The Yanceys

Philip Yancey, left, his wife, Janet, and a friend, Joanne Barth, enjoy some time at White Sands Beach.

Most writers come to Kodiak Island to research material and find inspiration for their books. While those reasons may come into play for Christian author Philip Yancey, his primary purpose for his recent Kodiak visit was to teach and encourage fellow writers at Leslie Fields’ writers workshop at the family gillnet site on Harvester Island.

He came here with his wife, Janet, and their friend, Joannie Barth.

Yancey, a prolific author whose popularity skyrocketed in the 1970s during the Jesus Movement and maintained momentum in the following decades, also came to speak.

On a token sunny Friday night, he addressed a full house at Community Baptist Church. 

Yancey held his audience spellbound as he talked about his recent book on prayer. People were engaged because of the stories and illustrations he shared and the way he presented them. He not only writes well, but orally communicates stories well, too.

His final story featured Joanna and Julian, a black couple in South Africa who became Jesus’ hands and feet (and voice) during the fracturing years of apartheid. Once their work was completed, God led them to Pollsmoor, one of South Africa’s worst prisons that was built for a capacity of 800 but accommodated 5,000.

“Accommodated” is not the right word. The prisoners were stuffed in there like sardines, in the heat, the stench, the foul air that was poisoned even more by the curses and demeaning language that expressed anger and despair – an image of hell itself.

But Joanna and Julian brought the light of Christ to prisoners through Bible studies, activities and other acts of mercy. Many of the prisoners were transformed into God-loving believers. Violent actions in the prison plunged from more than 200 to two within a year.

When Yancey asked the couple what accounted for the change, they replied that God was already present at the prison; they just made Him visible. 

Making God visible was a thematic thread that ran throughout Yancey’s presentation, and it was directly connected to prayer.

Many good works have begun with prayers of complaints against the way God is running the universe, said Yancey. Complainers included Job, David and rock star Bono, who went to an orphanage in Ethiopia to help children who had lost their parents to AIDS.

Bono scolded God for not caring for the millions of parentless African babies. 

The more Bono prayed, the more he heard that “still, small voice” saying, “’Where do you think the idea of going to Ethiopia came from?’”

Bono ended up raising $15 billion to combat AIDS, enlisting the efforts of unlikely partners Strom Thurmond, Bill Clinton, Tony Blair and George W. Bush. 

God puts the onus on His people to care for the helpless.

“Bono said prayers are like boomerangs,” noted Yancey. “You throw a boomerang and it comes back at you.”

Quoting from the Lord’s Prayer, which says God’s “will be done on earth as it is in Heaven,” Yancey said, “Prayer is not about our will, but God’s will.”

Yancey said that the “greatest revelation” that came to him while he spent a year writing the book on prayer was that prayer is “not so much inviting God into my life, but inviting myself into God’s life.”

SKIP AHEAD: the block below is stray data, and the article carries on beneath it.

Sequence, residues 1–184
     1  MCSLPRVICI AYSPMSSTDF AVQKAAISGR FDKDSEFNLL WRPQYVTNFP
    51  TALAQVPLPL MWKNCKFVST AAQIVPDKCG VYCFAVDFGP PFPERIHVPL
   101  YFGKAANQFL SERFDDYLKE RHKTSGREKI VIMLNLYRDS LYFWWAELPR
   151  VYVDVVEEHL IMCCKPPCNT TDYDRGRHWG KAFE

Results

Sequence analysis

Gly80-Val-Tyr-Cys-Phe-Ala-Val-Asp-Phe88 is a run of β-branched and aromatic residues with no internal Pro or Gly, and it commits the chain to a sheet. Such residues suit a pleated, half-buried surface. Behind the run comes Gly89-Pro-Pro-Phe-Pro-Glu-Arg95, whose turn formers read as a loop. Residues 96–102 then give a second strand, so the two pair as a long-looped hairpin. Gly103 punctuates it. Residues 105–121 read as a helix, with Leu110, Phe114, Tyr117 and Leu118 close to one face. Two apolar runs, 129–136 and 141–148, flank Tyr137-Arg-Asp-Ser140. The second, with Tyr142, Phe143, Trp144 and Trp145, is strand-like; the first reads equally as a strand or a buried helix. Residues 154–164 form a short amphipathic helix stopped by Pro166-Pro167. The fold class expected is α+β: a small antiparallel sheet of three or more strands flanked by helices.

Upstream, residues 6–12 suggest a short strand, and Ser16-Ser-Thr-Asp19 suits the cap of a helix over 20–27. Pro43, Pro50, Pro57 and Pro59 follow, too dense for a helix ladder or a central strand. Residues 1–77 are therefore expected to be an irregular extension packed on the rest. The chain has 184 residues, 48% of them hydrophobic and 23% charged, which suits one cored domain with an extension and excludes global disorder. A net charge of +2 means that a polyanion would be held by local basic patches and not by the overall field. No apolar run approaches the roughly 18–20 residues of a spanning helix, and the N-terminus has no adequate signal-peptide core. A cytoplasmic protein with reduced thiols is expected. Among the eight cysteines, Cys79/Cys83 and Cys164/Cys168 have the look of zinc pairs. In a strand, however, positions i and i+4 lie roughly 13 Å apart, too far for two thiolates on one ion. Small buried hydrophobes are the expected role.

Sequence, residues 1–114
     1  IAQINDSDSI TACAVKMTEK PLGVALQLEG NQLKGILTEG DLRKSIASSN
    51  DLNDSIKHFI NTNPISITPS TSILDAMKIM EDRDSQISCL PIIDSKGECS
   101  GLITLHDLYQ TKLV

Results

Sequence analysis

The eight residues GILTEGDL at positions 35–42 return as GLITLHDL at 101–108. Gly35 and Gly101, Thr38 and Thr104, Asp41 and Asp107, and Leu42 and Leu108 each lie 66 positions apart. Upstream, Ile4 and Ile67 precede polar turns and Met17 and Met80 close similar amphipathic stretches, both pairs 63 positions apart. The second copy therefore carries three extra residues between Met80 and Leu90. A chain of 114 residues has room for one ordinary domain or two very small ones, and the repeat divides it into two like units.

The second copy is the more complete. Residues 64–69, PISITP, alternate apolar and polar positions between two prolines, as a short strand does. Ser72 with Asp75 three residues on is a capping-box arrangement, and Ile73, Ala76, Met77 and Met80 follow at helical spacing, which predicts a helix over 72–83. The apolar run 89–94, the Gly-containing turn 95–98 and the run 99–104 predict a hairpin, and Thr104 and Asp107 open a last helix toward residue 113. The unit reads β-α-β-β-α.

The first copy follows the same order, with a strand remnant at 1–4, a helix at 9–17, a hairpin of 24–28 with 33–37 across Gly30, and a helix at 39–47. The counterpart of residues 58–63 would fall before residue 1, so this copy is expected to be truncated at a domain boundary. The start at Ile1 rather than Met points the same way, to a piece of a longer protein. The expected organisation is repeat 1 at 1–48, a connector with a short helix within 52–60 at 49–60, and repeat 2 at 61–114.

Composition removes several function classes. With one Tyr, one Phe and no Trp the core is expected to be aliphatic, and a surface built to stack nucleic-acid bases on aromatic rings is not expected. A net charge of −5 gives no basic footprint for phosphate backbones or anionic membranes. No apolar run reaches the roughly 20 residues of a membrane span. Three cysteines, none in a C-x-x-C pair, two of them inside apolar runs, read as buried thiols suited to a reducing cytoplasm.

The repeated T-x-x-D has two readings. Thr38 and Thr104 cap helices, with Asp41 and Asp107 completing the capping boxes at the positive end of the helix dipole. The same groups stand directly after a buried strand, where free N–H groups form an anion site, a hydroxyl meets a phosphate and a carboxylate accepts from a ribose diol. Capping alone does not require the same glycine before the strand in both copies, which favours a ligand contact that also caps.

Alluding to Isaiah’s image of the flowing river of justice, Yancey urged his listeners to “jump in the ever-flowing stream. Let justice roll like a river of righteousness. God loves making whole what was broken.”

Yancey compared God’s forgiveness to a mountain stream. That forgiveness needs to flow to the worst of enemies.

Projecting a picture of Al Qaeda terrorists on the screen, Yancey asked, “What would happen if every church in North America adopted one of these guys, learned to pronounce their names and pray for them? Didn’t Jesus tell us to do that?”

He noted that a colonel at Fort Carson, Colorado, who had served tours in Iraq and Afghanistan, took the challenge and developed a website for people to engage in this radical form of prayer. His colleagues sharply criticized him for the project, Yancey said.

God causes rain to fall on the just and unjust, Yancey said. “If you want to be like God, that’s the way to do it.” 

Many illustrations and analogies for Yancey’s book on prayer were inspired by hiking in the mountains of Colorado where the Yanceys live.

He brought up the time he saw hikers appearing as tiny red and blue dots on the trail beneath him as he stood at a much higher elevation. Those hikers had no idea what it would be like at the mountaintop where Yancey watched them. He drew an analogy to prayer.

“I had a glimpse of God’s eye-view. I’m one of the red or blue dots. I don’t have any idea what’s going on in the rest of world.” 

Yancey gleaned further lessons regarding man’s vulnerability and smallness as he talked about the sheer terror of getting caught in a storm on the mountaintop.

Those storms are analogous to circumstances in which “the earth gives way, the waters roar, mountains quake, kingdoms fall,” Yancey said.

The fearful are advised to hear the Psalmist’s words: Be still and know that I am God.

“There is nothing you can do about it, except to trust God,” Yancey said. “It’s easy for me to think I’m in control. Part of prayer is to let my faith in God overcome temporary tremors in life.” 

People are wondering what stories of faith, love and God’s presence will birth and grow out of Yancey’s week at Harvester Island. 

What spiritual lesson will he gain from picking fish from the gillnet, sharing bread with fellow writers, watching the darkening clouds, passing boats and glorious sunsets. For this prolific writer, the possibilities for a book are endless.

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